A few popular items on the menu are gumbo, etouffee, brisket, grilled chicken and oxtail.
When you walk inside R&J’s, Davison says she wants her patrons to feel like they are at home.
“You don’t walk in feeling like you have to be told where to sit. We ask you where you would like to sit. We try to make your experience special,” says Davison. “You’re part of the family. You are our family when you walk through those doors.”
While the restaurant is closed during December and January due to slow traffic, they were scheduled to reopen in February.
Gumaa’s Bar & Grill
Prior to 2020, Estella “Mya” Gumaa worked as a pediatric technician at one of Manchester’s area hospitals. However, the challenge of having six children at home during the pandemic left her yearning for something else.
Although she has a medical background, Gumaa’s first training ground was in the kitchen while growing up in North Sudan at the age of 7. “It’s a must in Africa; every woman is in the kitchen cooking,” says Gumaa. “It wasn’t my main interest, but I grew to love it, and somehow people love my food.”
In addition to raising six kids and working at a hospital, Gumaa was often called upon to cook at various community events in the city. “I knew I wanted to open up a restaurant with a mixture of African and Caribbean cuisines to cater to everyone in the area,” says Gumaa. “There isn’t much presence in Manchester, and there was a need.”
She opened her eatery, Gumaa’s Bar & Grill, at 343 Lincoln Street in Manchester last year. It’s a cross-mixture of African and Caribbean cuisines, just as she wished. One can find oxtail on the menu, a popular staple in the islands. “We eat this back home [in North Sudan]. We just cook it differently,” she says.
Fufu, another item, is a mashed yam or other starch used as a side dish with meat or vegetable stews and soups known across the diaspora. “I put my own recipe on things,” she says.
Her okra beef stew and spicy rice provides a kick that combines well with the tenderness of the beef.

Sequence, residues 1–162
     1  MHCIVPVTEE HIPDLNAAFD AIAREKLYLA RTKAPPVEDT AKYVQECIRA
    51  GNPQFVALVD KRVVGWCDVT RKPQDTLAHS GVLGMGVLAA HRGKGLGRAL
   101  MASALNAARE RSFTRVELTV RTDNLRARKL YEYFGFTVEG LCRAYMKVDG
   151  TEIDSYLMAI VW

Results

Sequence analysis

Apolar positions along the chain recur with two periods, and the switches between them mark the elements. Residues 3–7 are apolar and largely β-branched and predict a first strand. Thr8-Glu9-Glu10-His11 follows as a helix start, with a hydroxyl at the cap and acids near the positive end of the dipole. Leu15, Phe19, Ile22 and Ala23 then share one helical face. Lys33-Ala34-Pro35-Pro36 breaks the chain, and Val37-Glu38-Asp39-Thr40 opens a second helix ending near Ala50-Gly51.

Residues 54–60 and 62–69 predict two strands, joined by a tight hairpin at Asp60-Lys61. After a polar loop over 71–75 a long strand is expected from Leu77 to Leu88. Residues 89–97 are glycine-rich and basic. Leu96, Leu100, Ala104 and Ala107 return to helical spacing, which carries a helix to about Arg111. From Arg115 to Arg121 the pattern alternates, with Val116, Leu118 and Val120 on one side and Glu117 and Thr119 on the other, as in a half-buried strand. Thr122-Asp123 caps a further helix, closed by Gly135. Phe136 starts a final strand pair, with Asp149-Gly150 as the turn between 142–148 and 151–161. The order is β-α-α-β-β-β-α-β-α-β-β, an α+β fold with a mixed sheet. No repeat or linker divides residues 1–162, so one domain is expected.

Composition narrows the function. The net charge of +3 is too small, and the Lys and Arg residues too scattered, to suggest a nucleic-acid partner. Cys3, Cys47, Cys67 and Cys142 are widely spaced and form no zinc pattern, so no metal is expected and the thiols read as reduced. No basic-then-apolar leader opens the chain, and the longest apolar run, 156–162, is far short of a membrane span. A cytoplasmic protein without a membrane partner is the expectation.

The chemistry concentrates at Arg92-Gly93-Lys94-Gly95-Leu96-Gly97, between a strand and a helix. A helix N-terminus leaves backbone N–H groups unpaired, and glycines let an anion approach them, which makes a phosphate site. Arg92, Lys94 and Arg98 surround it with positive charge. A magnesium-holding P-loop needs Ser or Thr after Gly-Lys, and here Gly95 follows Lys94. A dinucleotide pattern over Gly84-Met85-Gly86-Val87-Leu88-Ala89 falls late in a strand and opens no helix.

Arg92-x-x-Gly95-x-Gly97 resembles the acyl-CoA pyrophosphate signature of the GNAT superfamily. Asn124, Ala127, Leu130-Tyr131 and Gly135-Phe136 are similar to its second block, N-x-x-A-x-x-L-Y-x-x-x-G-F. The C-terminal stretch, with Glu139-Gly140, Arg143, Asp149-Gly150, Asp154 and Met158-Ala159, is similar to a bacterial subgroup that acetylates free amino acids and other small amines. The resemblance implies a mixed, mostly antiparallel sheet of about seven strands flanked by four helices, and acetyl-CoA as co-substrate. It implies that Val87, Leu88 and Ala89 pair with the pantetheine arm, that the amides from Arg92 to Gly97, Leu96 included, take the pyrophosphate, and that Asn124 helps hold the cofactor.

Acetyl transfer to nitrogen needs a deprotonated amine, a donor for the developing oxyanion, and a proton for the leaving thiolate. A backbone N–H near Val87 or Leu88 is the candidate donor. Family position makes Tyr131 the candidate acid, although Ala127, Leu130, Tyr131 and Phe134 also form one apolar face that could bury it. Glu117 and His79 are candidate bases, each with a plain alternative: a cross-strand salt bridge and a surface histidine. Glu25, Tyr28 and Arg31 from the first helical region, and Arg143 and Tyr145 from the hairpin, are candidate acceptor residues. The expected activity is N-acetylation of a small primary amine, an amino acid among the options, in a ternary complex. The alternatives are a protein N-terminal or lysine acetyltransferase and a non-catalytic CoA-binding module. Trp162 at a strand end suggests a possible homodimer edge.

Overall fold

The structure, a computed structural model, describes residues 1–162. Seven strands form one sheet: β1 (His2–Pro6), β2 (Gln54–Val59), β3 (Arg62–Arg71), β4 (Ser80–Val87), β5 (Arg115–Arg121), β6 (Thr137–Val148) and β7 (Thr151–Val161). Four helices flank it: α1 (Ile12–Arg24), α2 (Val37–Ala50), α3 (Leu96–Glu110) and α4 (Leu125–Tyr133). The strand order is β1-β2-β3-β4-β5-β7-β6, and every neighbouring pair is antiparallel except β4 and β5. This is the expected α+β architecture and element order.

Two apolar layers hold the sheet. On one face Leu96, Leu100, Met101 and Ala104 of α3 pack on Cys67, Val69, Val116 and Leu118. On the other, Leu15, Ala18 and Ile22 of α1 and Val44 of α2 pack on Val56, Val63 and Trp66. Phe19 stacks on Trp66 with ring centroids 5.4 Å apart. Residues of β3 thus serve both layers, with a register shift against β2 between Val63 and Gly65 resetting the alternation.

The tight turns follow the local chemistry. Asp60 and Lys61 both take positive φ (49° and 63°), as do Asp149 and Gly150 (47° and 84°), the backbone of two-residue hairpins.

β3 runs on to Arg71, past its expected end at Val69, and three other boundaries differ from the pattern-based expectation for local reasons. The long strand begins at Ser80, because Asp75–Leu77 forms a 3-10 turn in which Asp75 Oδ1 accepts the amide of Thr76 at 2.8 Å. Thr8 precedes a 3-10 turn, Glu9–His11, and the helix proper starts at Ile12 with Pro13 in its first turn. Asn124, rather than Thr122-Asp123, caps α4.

In addition, the tilapia is another must-try item. It’s a considerable portion (the entire fish) that can be ordered, breaded or fried.
Tamara Tasya and Markus Subroto are no strangers to rolling up their sleeves and creating lovely savory foods from their homeland in Indonesia. They do so in their cozy kitchen, also known as Tasya’s Kitchen on High Street in Somersworth.
Indonesian food blends a variety of culinary tastes and recipes based on various ethnic groups and foreign influences. Indonesia includes more than 17,000 islands, making it the largest archipelago, and 1,300 groups.
Tamara hails from Surabaya on Java Island, and Markus is from Samarra. “The cuisine is very different when you travel from one end of the country to the other,” Tamara says.
After taking a hiatus from their first Somersworth restaurant business to raise a family in 2004, they opened Tasya’s on High Street in September 2019 at the urging of their community.
“We felt the time was right to get back,” says Markus.
Since then, they have been getting lots of traction in the Seacoast and the Indonesian diaspora community. The restaurant was featured in a video produced by the United States Embassy in Jakarta as one of five Indonesian restaurants to visit in the United States. Doug Emhof, the second gentleman and husband to Vice President Kamala Harris, makes an appearance in the video.
Indonesians have a strong presence on New Hampshire’s Seacoast region. About 2,000 Indonesians live in Somersworth as of spring 2021. It is also the home to the Little Indonesia Project, a long-term effort to connect Indonesian communities with the Granite State and beyond through expressions of art, culture and economic opportunities via a vibrant, revitalized business district.
The restaurant may be small, with seating for less than 20 people, but it is mighty in taste. Patrons immediately feel like they are visiting an exotic place thanks to the vintage airline travel posters and photos of Java that make up the décor.
Recommended to the curious newcomer: the Tour of Indonesia, described as their signature menu item with a little bit of everything: beef rendang, chicken satay, curry chicken, spicy egg and tofu, crispy potato, peanut, anchovy in sweet spicy palm sugar, pickled veggies, jasmine rice and soup.
The beef rendang, slowly prepared over several hours, a must-try, is so tender it melts in your mouth, and pairs nicely with their homemade chili paste. In addition, try the fried chicken which is remarkably crispy and still juicy.